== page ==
Nietzsche's account of evil as the violent manifestation of festering ressentiment born of impotence was a contextual and historical one. Freud's, by contrast, in Bernstein's portrayal (which relies substantially on Freud's myth of the "primal horde" and dual instinct theory), located ineradicable evil in a universal psychic ambivalence lying permanently at the core of human instinctual life. Bernstein suggests that Freud thereby gave substance to Kant's conception of "radical evil" as a propensity to evil inherent in human nature. The contrast between Freud's instinctual determinism and Nietzsche's contextualism and historicism parallels contemporary psychoanalytic debates about whether human destructiveness is to be comprehended primarily as a manifestation of an innate aggressive drive (later Freud and Melanie Klein) or primarily as a reaction to frustration (earlier Freud) or narcissistic injury (Kohut). I have recently proposed (Stolorow 2009) that large-scale human destructiveness can often be grasped as being reactive to collective trauma.

The remaining three of Bernstein's philosophical interlocutors--Levinas, Jonas, and Arendt--were directly and decisively impacted by the atrocities of twentieth-century totalitarianism. All three thinkers addressed the fundamental problem faced by moral philosophy "after Auschwitz"--in Bernstein's words, "how to think about evil when we no longer have any confidence in traditional theodicies, when the very idea of seeking to 'justify' evil is obscene, and when there is no possibility of reconciling ourselves to the brute existence of evil" (p. 165).

Bernstein contends that Levinas's entire philosophical project can be understood as an ethical response to the evil and nihilism that erupted in the twentieth century, a response that emphasized the human being's "infinite responsibility" to and for the other. Evil, from this perspective, is an "excess" that constitutes a complete break with such ethical normativity and responsibility. Evil as excess "transcends" and "ruptures" human categories of understanding. The evil symbolized by Auschwitz defied comprehension or integration and, according to Levinas, thereby put an end to theodicy.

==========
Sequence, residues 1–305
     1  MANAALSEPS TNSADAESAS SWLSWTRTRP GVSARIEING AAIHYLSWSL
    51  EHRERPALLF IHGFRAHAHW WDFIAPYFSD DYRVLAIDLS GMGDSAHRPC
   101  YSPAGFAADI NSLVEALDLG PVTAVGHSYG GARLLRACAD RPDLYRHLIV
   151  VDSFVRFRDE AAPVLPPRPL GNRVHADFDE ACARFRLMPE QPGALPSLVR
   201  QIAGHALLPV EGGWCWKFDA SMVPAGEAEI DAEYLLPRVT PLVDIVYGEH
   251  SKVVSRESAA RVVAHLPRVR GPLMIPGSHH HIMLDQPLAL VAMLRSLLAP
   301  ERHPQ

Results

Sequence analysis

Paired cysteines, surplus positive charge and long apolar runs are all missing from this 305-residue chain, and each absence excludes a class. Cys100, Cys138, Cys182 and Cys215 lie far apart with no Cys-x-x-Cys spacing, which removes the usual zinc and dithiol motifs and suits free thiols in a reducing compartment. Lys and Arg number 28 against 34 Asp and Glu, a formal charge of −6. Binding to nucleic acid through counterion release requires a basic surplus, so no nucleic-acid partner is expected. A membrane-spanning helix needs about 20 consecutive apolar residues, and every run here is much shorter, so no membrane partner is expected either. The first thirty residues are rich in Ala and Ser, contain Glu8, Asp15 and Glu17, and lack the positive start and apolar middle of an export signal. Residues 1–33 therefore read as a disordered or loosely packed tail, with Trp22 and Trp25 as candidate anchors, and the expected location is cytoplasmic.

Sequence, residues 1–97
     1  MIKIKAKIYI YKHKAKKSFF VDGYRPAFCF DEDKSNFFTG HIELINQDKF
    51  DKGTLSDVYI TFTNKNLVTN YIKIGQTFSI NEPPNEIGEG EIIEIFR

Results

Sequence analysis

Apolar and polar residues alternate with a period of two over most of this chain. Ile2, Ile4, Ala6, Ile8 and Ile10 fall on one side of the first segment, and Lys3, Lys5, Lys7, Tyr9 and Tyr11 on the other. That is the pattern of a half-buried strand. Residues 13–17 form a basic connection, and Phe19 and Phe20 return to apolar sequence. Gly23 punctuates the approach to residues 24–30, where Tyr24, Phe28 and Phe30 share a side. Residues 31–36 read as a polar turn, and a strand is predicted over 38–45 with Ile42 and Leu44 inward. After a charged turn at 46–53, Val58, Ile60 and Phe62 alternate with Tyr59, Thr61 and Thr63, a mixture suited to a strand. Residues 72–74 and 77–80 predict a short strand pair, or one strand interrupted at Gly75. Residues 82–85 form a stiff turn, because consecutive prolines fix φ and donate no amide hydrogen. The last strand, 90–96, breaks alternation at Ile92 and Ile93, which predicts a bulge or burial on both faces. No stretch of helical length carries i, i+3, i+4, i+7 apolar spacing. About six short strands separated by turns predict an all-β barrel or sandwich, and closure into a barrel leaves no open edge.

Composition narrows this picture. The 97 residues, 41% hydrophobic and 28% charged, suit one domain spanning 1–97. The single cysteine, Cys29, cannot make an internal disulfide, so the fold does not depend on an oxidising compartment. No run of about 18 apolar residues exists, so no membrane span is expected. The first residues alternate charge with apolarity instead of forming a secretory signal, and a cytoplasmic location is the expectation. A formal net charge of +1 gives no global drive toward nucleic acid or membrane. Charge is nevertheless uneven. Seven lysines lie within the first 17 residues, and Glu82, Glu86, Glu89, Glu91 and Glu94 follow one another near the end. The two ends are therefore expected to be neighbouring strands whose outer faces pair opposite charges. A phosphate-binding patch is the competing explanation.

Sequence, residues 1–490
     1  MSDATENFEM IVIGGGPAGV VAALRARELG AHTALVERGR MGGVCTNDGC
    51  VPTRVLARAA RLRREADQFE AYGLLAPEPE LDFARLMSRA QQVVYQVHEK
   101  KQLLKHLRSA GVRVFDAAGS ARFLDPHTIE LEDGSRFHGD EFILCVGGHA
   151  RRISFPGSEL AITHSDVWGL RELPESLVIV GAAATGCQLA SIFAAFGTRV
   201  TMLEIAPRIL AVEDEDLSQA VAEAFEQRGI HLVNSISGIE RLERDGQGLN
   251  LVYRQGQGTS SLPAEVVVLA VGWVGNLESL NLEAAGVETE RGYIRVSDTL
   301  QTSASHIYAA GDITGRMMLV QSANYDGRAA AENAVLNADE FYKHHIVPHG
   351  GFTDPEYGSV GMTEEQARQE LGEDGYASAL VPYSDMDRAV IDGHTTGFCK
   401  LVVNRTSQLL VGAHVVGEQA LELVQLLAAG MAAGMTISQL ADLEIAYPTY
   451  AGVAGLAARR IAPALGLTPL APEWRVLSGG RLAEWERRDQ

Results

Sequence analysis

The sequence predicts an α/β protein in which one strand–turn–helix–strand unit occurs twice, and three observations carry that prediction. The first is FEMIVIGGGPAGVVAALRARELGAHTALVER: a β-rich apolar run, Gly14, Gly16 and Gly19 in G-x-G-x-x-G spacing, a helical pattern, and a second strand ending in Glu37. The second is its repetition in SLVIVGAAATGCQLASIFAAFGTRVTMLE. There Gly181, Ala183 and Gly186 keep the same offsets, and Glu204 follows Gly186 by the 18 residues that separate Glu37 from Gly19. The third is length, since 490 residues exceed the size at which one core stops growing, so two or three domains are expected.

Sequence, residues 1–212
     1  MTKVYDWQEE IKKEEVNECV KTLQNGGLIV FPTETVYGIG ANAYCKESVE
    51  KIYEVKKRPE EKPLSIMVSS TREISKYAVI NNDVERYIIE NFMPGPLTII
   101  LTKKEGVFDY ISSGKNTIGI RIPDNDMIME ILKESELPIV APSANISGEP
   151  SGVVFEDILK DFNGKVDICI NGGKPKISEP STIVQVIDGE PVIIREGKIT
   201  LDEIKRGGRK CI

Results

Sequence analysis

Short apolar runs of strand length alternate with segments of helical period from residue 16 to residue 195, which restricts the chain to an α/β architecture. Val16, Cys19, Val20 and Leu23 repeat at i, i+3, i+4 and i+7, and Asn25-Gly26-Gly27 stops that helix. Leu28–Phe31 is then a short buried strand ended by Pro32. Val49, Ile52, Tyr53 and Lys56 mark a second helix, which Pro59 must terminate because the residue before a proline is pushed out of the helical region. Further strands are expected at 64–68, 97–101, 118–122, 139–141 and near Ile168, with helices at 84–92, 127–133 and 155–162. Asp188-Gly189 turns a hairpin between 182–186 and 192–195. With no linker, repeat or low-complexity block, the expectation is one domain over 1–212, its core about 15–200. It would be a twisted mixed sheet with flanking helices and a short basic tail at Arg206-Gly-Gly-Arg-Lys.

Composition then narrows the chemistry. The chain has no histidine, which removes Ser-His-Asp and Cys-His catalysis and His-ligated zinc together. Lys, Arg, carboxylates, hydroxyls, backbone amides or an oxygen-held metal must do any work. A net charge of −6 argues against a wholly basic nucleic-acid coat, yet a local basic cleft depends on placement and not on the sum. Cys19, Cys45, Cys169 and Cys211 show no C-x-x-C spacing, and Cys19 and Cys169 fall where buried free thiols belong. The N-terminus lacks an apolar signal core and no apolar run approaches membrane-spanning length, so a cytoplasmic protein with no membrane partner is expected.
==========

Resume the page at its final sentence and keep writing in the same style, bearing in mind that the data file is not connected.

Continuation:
Jonas, too, attributed the upsurge of evil in the twentieth century to a nihilism that eradicates ethical normativity, but it was Arendt who fleshed out what such nihilism entails. Bernstein's inquiry essentially begins and ends with his reflections on Arendt, as it was she, more than any other philosopher, who undertook the rethinking of the very meaning of evil demanded by the horrors of totalitarianism and the Nazi period. According to her analysis, totalitarian domination eventuates in an absolute evil that can no longer be deduced from humanly comprehensible motives. Invoking Kant's phrase but giving it a very different meaning, she referred to such absolute evil as radical evil. Radical evil involves much more than acting on the basis of familiar "sinful motives." It involves making human beings as human beings "superfluous" and dispensable--by nullifying what makes human life distinctively human, by liquidating human freedom, spontaneity, individuality, and morality. Using the example of Nazi "desk murderers" like Eichmann, Arendt described how radical evil took on a kind of "banality," whereby monstrous, massive crimes against humanity were committed as if they were "standard behavior"--mundane, normal activities of everyday life. Such was the nature of the total moral collapse that Arendt tried to capture in her elucidations of radical evil and the banality of evil.

In his conclusion, Bernstein emphasizes that "interrogating evil is an ongoing, open-ended process" (p. 225). New, unanticipated, and more horrifying forms of evil continually appear. Closest to home for Americans, no one who witnessed the terrorist attack of September 11, 2001, along with the counter-atrocities that have followed in its wake, can think that radical evil was brought to an end with the defeat of the Nazis. Bernstein's penetrating and accessible contribution to moral philosophy gives us philosophical ideas and tools that can help us and our patients gain our bearings in an era that can rightfully be called an "Age of Trauma"(Stolorow 2009).

REFERENCES:

Bernstein, R. J. (2002). Radical Evil: A Philosophical Interrogation. Cambridge, UK: Polity Press.

Stolorow, R.D. (2009). Identity and resurrective ideology in an age of trauma. Psychoanalytic Psychology 26:206-209.